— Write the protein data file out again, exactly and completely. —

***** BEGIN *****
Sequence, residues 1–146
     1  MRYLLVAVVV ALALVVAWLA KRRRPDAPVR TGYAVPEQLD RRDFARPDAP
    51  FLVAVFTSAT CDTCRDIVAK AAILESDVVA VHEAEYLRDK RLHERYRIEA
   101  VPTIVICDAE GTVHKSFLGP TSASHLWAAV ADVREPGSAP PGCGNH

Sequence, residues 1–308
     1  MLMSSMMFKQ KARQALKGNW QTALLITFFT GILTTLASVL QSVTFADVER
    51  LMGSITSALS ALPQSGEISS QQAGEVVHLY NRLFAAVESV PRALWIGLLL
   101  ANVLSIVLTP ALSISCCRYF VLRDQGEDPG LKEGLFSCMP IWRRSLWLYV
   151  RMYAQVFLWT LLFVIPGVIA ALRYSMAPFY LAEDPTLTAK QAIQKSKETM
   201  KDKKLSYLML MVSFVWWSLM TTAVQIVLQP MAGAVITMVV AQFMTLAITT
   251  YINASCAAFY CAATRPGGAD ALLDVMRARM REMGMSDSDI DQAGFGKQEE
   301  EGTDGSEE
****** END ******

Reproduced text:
Sequence, residues 1–146
     1  MRYLLVAVVV ALALVVAWLA KRRRPDAPVR TGYAVPEQLD RRDFARPDAP
    51  FLVAVFTSAT CDTCRDIVAK AAILESDVVA VHEAEYLRDK RLHERYRIEA
   101  VPTIVICDAE GTVHKSFLGP TSASHLWAAV ADVREPGSAP PGCGNH

Sequence, residues 1–308
     1  MLMSSMMFKQ KARQALKGNW QTALLITFFT GILTTLASVL QSVTFADVER
    51  LMGSITSALS ALPQSGEISS QQAGEVVHLY NRLFAAVESV PRALWIGLLL
   101  ANVLSIVLTP ALSISCCRYF VLRDQGEDPG LKEGLFSCMP IWRRSLWLYV
   151  RMYAQVFLWT LLFVIPGVIA ALRYSMAPFY LAEDPTLTAK QAIQKSKETM
   201  KDKKLSYLML MVSFVWWSLM TTAVQIVLQP MAGAVITMVV AQFMTLAITT
   251  YINASCAAFY CAATRPGGAD ALLDVMRARM REMGMSDSDI DQAGFGKQEE
   301  EGTDGSEE